Pending Sales of U.S. Existing Homes Fell 2.8% in January

Pending Sales of U.S. Existing Homes Fell 2.8% in January
A "New Price" sign stands outside a previously owned home on the market in Denver, Colorado. Photographer: Matthew Staver/Bloomberg

The number of Americans signing contracts to buy previously owned homes fell in January, a sign the industry that triggered the recession was struggling at the start of 2011.

The index of pending home resales dropped 2.8 percent after a revised 3.2 percent decrease the prior month that was initially reported as a gain, figures from the National Association of Realtors showed today in Washington. The median estimate in a Bloomberg News survey of economists called for a 2.3 percent decrease.

Foreclosures that are driving down prices and unemployment at 9 percent signal the housing market may not make much headway this year. Interest rates that are rising pose another challenge to real estate, which may lag behind the rest of the economy this year.

“This is worrying,” said Jennifer Lee, a senior economist at BMO Capital Markets in Toronto. “People may be holding back because they think there are more foreclosures coming. We need a strong pickup in jobs to see people buying again.”

Pending home sales were projected to fall after an originally reported gain of 2 percent in December, according to the median of 39 forecasts in the Bloomberg survey. Estimates ranged from a drop of 6 percent to an increase of 1.5 percent.

Consumer spending in the U.S. rose 0.2 percent in January, less than forecast and the smallest gain since June, as increasing food and fuel prices caused Americans to cut back on other goods and services, Commerce Department figures showed earlier today.


Businesses in the U.S. unexpectedly grew in February at the fastest pace in two decades, indicating manufacturing remains at the forefront of the expansion. The Institute for Supply Management-Chicago Inc. said its business barometer rose to 71.2 this month, the highest since July 1988, from 68.8 in January.

Stocks extended gains after the report, with the Standard & Poor’s 500 Index rising 0.7 percent to 1,328.56 at 10:32 a.m. in New York. The yield on the benchmark 10-year Treasury note was little changed from Feb. 25 at 3.41 percent.

From January 2010, pending home sales were down 4.4 percent.

Three of four regions showed a decrease in contract signings from a month earlier, today’s report showed, led by a 7.3 percent drop in the Midwest and a 5.2 percent decrease in the West. Purchases rose 1.4 percent in the South.

February Snow

Snow covered about 70 percent of the country in the middle of last month, according to the National Climatic Data Center. That may have prevented potential buyers from venturing out to new developments.

Housing demand see-sawed last year, reflecting a boost from a national home buyer tax incentive of as much as $8,000 that gave way to a plunge in sales by mid-2010 as the credit ended.

With sales yet to show sustained strength, builders have slowed construction efforts. Housing permits fell 10 percent to a 563,000 annual rate in January, the Commerce Department said last week.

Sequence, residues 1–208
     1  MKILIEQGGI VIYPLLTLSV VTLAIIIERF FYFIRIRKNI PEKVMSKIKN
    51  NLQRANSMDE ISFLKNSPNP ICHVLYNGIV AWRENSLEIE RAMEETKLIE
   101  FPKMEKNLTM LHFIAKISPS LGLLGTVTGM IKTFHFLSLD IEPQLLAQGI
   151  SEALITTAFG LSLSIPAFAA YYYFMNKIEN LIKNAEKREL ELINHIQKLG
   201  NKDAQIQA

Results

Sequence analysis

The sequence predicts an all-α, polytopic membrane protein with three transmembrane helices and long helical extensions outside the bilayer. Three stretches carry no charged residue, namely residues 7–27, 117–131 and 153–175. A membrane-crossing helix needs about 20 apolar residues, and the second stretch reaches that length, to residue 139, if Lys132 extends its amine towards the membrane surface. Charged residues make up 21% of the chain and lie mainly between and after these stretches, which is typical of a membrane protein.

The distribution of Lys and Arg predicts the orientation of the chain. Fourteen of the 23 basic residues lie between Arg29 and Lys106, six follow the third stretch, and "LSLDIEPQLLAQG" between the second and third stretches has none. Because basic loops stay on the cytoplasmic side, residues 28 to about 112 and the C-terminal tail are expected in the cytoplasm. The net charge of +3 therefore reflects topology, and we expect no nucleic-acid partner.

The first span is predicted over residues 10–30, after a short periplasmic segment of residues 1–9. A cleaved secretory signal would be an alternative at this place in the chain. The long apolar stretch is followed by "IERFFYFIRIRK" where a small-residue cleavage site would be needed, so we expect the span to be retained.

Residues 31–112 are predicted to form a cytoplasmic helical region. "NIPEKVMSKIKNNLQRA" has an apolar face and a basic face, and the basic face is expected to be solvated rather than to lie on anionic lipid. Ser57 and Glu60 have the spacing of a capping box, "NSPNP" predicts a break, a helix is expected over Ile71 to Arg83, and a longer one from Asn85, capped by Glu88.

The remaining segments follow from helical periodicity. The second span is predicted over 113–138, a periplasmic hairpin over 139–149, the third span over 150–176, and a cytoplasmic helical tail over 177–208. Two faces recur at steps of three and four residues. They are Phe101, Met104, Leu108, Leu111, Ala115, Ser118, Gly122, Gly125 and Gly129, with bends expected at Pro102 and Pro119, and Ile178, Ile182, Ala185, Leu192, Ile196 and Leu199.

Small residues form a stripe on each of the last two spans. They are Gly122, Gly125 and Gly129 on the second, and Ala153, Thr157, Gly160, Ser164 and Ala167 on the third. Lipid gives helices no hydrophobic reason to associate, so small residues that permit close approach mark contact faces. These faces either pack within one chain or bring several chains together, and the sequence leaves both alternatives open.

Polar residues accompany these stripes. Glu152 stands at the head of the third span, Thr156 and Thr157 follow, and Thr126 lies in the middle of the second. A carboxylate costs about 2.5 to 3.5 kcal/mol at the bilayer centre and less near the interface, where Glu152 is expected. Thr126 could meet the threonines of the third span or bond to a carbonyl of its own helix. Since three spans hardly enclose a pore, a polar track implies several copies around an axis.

More distressed homes may come on the market this year after home seizures were delayed due to state investigations and bank reviews of foreclosures. The number of homes receiving a foreclosure notice will climb about 20 percent in 2011, reaching a peak for the housing crisis, RealtyTrac Inc., an Irvine, California-based data seller, said last month.

Falling Prices

That will put more pressure on prices. The S&P/Case-Shiller index of home values in 20 cities fell 2.4 percent in December from a year earlier, the biggest 12-month decrease since December 2009, the group said this week. Prices were down 31 percent from their peak in July 2006.

“My intuition rates the probability of another 15, 20, even 25 percent real-home price decline as substantial,” Robert Shiller, a co-founder of the index, said on a conference call last week. “It’s a substantial risk.”

Pending home sales are considered a leading indicator because they track contract signings. Purchases of existing homes are tabulated when a contract closes, typically a month or two later.

Sales of previously owned homes, which now make up more than 90 percent of the market, unexpectedly climbed in January to the highest level in eight months, led by rising demand for distressed properties. Sales increased 2.7 percent to a 5.36 million annual rate, according to figures from the National Association of Realtors.

Distressed Sales

Distressed sales accounted for 37 percent of the total, the highest proportion in 12 months, and all-cash sales amounted for 32 percent, the highest since the group started tracking that category in 2008, the group said.

Purchases of new houses in the U.S. fell 13 percent to a 284,000 rate in January, close to a record low of 274,000, the Commerce Department said last week.

Rising borrowing costs represent another hurdle. The average rate on 30-year fixed mortgages matched or exceeded 5 percent for a third period in the week ended Feb. 18, the first time that’s happened since April, the Mortgage Bankers Association said last week. Rates have been rising from a record low of 4.21 percent reached in October.

Homebuilders keep posting losses. D.R. Horton Inc., the second-largest U.S. homebuilder by stock-market value, on Jan. 27 reported a fiscal first-quarter loss that was wider than analysts expected.

“I don’t see anything in ‘11 that’s going to make ‘11 better than ‘10,” D.R. Horton Chief Executive Officer Donald Tomnitz said during a conference call. “We need job growth, we need consumer confidence and we still have issues with qualifying people with tighter mortgage underwriting” standards.

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